SPEARFISH, S.D. (AP) — When Spearfish was settled in the late 1800s it quickly became the bread basket for the area, with farmers and ranchers providing vegetables, fruits, beef and milk for local settlers and miners of local gold camps.
Robert Evans, one of Spearfish’s earliest settlers, journeyed to the Black Hills in hopes of mining for gold, but he stayed in Spearfish Valley after he saw the agricultural potential.
Evans helped engineer the valley’s irrigation ditch and farmed the land where Running’s property currently sits, property that is currently for sale, the Black Hills Pioneer ( ) reported.
In an effort to preserve that property as agricultural land, or at least maintain it as open space, community members gathered recently to begin the discussion on how to do just that. The meeting was hosted by the Spearfish Valley Ag Land Preservation Group through Hills Horizons.
“We’re here because we care about Running’s field,” said Andy Johnson, who lives on Nellie Lane near the property and one of the facilitators at the meeting. “You’ve seen the for sale signs. We want to keep it in agricultural land. That’s our goal.”
Spearfish was known for its sugar beets, cucumbers and apples. Jeremy Smith, who co-owns Cycle Farm across Evans Lane from the Running’s field and also a facilitator of the meeting, said Spearfish was even known as “the land of the big red apple.”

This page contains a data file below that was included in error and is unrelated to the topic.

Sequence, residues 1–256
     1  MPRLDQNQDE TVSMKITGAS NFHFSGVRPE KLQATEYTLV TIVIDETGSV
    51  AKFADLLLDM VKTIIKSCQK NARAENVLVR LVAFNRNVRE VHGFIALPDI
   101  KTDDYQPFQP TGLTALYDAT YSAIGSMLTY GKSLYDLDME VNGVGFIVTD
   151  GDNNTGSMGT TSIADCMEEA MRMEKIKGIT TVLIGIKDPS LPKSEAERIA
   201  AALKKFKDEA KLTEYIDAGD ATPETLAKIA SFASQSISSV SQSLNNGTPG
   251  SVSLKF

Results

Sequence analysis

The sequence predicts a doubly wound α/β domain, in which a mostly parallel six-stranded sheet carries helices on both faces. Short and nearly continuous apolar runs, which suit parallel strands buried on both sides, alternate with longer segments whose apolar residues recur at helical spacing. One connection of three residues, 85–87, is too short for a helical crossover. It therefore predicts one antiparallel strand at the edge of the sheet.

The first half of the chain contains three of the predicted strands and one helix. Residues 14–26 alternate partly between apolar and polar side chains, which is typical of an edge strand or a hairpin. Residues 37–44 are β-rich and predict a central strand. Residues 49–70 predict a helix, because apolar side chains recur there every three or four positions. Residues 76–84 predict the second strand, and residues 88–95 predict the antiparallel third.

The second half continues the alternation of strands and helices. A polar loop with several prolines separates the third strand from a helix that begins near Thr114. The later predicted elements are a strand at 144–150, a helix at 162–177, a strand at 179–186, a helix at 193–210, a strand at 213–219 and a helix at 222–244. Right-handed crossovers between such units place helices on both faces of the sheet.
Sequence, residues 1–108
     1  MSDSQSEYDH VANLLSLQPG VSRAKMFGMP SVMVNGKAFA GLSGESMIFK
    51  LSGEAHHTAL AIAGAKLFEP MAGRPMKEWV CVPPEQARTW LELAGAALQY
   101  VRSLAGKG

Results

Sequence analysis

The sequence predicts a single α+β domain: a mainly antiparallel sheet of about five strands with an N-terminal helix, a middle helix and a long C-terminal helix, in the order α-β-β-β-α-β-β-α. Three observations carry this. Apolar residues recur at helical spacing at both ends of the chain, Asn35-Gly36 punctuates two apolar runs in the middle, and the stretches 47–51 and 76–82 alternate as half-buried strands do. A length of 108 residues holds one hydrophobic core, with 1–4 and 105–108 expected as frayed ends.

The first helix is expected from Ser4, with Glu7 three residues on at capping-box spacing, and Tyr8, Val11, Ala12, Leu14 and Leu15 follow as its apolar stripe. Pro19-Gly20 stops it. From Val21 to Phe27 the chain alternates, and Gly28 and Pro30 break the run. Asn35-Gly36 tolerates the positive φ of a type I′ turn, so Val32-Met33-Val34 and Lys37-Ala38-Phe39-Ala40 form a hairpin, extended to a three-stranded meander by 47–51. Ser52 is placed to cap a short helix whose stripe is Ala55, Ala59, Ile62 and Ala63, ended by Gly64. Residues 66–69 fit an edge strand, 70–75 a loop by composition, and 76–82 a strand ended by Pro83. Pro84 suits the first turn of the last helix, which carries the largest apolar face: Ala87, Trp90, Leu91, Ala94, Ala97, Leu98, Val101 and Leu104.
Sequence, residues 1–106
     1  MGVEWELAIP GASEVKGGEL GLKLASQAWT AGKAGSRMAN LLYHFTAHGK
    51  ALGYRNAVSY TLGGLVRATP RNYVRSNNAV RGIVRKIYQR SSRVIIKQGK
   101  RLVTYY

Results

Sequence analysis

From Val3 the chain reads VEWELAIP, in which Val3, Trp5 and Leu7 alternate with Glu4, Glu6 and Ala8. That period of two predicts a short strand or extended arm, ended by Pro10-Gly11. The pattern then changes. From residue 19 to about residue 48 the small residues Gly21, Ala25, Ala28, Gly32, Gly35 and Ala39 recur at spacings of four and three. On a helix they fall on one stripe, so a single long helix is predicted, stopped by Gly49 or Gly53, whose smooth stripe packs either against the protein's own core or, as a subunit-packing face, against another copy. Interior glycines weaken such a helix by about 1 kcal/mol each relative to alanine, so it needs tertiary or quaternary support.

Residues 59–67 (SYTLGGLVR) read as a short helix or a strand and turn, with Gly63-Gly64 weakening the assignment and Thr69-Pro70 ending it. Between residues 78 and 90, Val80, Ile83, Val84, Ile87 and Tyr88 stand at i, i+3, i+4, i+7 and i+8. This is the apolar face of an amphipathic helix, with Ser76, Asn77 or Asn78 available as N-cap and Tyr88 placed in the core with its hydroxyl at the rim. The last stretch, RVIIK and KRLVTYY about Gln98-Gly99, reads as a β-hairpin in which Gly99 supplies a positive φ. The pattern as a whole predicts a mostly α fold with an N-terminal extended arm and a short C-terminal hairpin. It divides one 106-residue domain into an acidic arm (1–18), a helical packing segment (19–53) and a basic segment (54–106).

Ideas discussed for possible use of the land included keeping the field in its current use as leased farm land; starting a farm incubator, a program that helps aspiring farmers learn their trade and to obtain clients; or a food source for local restaurants, schools and more.
But questions left unanswered were how to even obtain the land.
“Assuming best case scenario, Running’s property is kept out of development,” said Kevin O’Dea, of Hills Horizons who moderated the meeting, “Then there’s the big question ‘now what?’ How do we manage it? Who’s responsible for it? The taxman will still cometh as we all know. There are logistical pieces there. If we as a community decide it is important enough to protect the property there is the ‘how?’ And once we have the property preserved then what? What do you do with it?”
The Running’s field is listed at $989,000. It is 15.4 acres along Evans Lane with irrigation, and an artesian well.
According to the listing posted on Remax In the Hills’ website, “the property has endless future potential and could be developed or used for farming.”
“From an ag perspective I think (the asking price is) pretty steep,” O’Dea said. “If you take a neighborhood like (those surrounding the land), $989,000 is probably what the market will bear.”
People at the meeting said grants could possibly be obtained through the U.S. Department of Agriculture or even Outside of Deadwood Grants, given the historic nature of the farm and its ties to Deadwood.
In August, Spearfish Valley Ag Land Preservation Group through Hills Horizons made a purchase offer of $900,000. That offer was rejected possibly due to the lack of clarity of what the group would do with the land, Smith said. Johnson said the group should make another offer and discuss in greater detail with the current owners what the ground would be used for.
“We really need people to be involved,” Johnson said. “The people here have their hearts in it, but we all have day jobs. We hope people here step up to the plate and be part of the solution.”
“It’s a huge hill to climb, but it isn’t impossible,” O’Dea added.
Information from: Black Hills Pioneer,